Based on Bryan Appleyard's high regard for Shirley Hazzard, I recently bought her last novel "The Great Fire." Now Bryan's gone and interviewed her (see above link), and his admiration is set out clearly there.
Sadly, I am almost half way through the novel and am finding it close to unbearable; last night I nearly decided to simply give up.
I don't mind the more ornate style of writing of your typical mid 20th century author: I have read nearly everything of Evelyn Waugh, and quite admire Brideshead Revisited in particular. In the last few years, I finally got around to The Great Gatsby, and while I felt the material was somewhat slight, I thought the writing had some of the same appeal as Waugh's. Going back further, Conrad can be a bit of struggle for me, but I could still understand him.
The problem with Hazzard, who is old enough to have started writing mid last century, is that I keep finding apparently carefully constructed sentences or paragraphs (she took 20 years to finish it) which none the less I have to re-read to discern the information or mood they are intended to convene. Even then I am not always successful in getting her point.
I don't think I am a particularly thick reader. As she has generally been very well reviewed, I have to give examples to try to validate my complaint.
This first paragraph is, I think, important to the theme of the novel, set shortly after the end of WWII; but that's only my guess, given the way it is written:
In the pattern of disruption that had been Aldred Leith's life for years, arrival had kept its interest. Excitement dwindled, curiosity had increased. Occasion revived an illusion of discovery, as if one woke in a strange room to wonder afreash not only where but who one was; to shed assumptions, even certainties. On the sea that evening, such expectation was negilible. Earlier in the day, in the swaying train, Leith had written to a wartime comrade: 'Peace forces us to invent our future selves.' Fatuity, he thought now, and in his mind tore the letter up. There was enough introspection to go round, whole systems of inwardness. The deficiency didn't lie there. To deny the external and unpredicatable made self-possession hardly worth the price. Like settling for a future without coincidence or luck.I hope someone out there agrees with me, but I find that to be a semi-opaque mess; not good writing at all.
I learn from Appleyard's interview that much of the novel must have been inspired by Hazzard's real life adventures as a young women in post war Asia. She also makes it clear that she was an artistically inclined youth who longed to escape Australia, and that explains why she has one major character who views the country the same way:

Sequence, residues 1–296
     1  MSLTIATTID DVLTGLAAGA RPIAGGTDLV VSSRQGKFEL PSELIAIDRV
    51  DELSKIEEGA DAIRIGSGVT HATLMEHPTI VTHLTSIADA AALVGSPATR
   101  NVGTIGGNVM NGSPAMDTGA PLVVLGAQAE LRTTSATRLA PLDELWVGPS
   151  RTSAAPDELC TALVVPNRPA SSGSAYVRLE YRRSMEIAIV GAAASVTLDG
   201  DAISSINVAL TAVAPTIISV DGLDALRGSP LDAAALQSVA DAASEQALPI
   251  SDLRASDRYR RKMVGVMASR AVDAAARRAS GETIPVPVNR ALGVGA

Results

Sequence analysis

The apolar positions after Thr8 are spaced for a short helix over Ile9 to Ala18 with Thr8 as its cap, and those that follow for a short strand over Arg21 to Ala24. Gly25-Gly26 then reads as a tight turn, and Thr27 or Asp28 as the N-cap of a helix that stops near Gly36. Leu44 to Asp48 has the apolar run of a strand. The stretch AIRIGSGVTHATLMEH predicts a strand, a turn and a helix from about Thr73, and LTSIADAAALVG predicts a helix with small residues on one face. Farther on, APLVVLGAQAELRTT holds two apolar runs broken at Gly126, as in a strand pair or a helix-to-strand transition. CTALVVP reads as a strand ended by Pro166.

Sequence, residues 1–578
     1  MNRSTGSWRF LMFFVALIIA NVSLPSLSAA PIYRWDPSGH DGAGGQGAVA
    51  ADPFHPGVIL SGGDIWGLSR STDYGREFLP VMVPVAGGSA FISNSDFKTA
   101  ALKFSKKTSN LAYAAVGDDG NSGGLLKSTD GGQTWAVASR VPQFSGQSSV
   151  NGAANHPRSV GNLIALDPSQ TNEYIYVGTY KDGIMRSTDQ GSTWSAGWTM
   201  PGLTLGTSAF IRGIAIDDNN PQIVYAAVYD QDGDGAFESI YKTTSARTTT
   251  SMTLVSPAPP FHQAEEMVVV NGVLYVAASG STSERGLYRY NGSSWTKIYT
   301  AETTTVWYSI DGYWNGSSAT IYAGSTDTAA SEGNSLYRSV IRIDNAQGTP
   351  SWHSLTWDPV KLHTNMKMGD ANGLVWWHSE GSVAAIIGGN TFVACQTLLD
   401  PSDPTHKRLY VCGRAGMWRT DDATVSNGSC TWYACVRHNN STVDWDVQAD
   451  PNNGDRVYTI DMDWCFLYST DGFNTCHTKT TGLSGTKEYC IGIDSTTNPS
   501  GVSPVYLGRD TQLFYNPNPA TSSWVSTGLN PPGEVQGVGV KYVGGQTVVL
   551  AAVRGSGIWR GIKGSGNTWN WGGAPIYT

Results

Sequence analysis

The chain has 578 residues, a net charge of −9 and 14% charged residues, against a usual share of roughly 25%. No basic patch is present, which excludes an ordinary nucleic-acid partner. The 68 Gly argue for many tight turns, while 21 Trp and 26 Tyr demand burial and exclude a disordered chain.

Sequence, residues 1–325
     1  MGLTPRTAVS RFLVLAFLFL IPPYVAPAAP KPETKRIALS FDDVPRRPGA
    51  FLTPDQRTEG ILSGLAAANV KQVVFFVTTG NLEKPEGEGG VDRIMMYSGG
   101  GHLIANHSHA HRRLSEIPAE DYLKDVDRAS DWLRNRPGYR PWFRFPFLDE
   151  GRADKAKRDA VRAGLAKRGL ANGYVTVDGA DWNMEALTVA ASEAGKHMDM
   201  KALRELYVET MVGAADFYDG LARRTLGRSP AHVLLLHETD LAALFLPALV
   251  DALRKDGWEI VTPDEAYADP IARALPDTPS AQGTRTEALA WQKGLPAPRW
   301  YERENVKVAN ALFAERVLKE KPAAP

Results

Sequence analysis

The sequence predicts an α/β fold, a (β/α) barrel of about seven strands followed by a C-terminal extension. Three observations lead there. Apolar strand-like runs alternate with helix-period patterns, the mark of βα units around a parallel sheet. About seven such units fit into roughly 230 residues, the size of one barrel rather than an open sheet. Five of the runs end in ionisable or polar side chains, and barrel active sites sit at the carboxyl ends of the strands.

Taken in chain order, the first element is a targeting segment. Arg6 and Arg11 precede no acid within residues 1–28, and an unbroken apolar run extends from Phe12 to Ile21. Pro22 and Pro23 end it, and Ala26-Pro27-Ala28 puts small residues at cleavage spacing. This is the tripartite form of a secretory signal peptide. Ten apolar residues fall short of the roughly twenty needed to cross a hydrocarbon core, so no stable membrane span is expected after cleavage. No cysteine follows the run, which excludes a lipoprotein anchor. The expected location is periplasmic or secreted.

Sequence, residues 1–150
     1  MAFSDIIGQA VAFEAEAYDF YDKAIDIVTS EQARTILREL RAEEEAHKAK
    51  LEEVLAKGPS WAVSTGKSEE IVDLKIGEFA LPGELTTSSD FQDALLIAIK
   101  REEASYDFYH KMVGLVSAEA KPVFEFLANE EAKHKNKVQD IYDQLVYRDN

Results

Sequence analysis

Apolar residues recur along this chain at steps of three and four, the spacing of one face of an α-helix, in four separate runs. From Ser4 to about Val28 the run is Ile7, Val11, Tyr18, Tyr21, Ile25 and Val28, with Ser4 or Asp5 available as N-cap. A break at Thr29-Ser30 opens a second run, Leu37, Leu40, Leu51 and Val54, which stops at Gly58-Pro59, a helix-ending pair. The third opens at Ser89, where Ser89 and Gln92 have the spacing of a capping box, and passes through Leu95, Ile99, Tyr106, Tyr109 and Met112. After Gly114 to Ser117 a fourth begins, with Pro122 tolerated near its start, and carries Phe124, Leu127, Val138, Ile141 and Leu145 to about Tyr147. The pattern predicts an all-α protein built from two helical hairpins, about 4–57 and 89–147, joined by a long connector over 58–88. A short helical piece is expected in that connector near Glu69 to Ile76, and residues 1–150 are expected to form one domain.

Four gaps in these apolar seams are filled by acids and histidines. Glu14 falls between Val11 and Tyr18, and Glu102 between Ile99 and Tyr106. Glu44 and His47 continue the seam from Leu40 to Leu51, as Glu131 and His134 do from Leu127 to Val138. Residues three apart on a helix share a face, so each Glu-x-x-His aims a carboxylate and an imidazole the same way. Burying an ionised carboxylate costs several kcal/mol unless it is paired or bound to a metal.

He and Rysom had been raised on the Australian myths of desecration - on tales of fabulous vomiting into glove compartments or punch bowls, of silence ruptured by obscene sound: the legends of forlorn men avenging themselves on an empty continent, which, in its vast removal, did not hear or judge them.Of course, this section makes Hazzard sound like a snob too; but who knows, maybe I would not have been entirely happy in mid 20th century Australia either.
These things, Peter Exley knew, who had been born and raised to it all, and endangered by it. Who had released himself into the lavish hospitality of art. Because of his own hairbreadth escape, the condition did not excite his compassion: the attack on whatever withheld itself in mystery - a woman, a culture, a work of art; the sense of private self. All could be exorcised with a beer and a jeer; the mockery, like the drink, being passing assuagement only, of the wound that would not heal.
No, I restrict my complaint to her prose style, which I guess is a result of what happens when an author keeps revising her writing over twenty years: it becomes elaborate but tedious and unclear.
The review of the book at Slate I can partially agree with. It notes that:
For all her subtlety and depth, Hazzard does not create memorable or particularly believable characters, or, if she manages to, she doesn't seem to favor them....Her style is described as "oblique", whereas I definitely would say "opaque".
Moreover, all of Hazzard's characters lapse at intervals into unconvincingly poetical speech: "Decent people, but the place is laconic. Surprised by peace" is how the old scholar describes conquered Hiroshima to Leith upon first acquaintance.
Actually, now that I read more of the reviews, a lot of them do seem to acknowledge flaws, yet somehow they still come around to forgiving them. Take this from another review:
Hazzard's prose is crisp and whittled, sometimes even cryptic. We never get a fully fleshed story of Leith's heroics, nor of the mysterious mentor, a former Japanese prisoner who, on his deathbed, presciently foretells Leith's passage back to a personal life. Horrors are hinted at but never dwelt upon. Hazzard revels in oblique distillation, but she is by no means a minimalist. Her sentences are rich in clauses, and her observations run deep, as do her characters' self-awareness and interior lives.There's that word "oblique" again. And I would not say that her prose is "sometimes" cryptic; it happens on about every second page, and I just find that intolerable.
Bryan Appleyard wonders why she isn't better known, but it doesn't surprise me at all.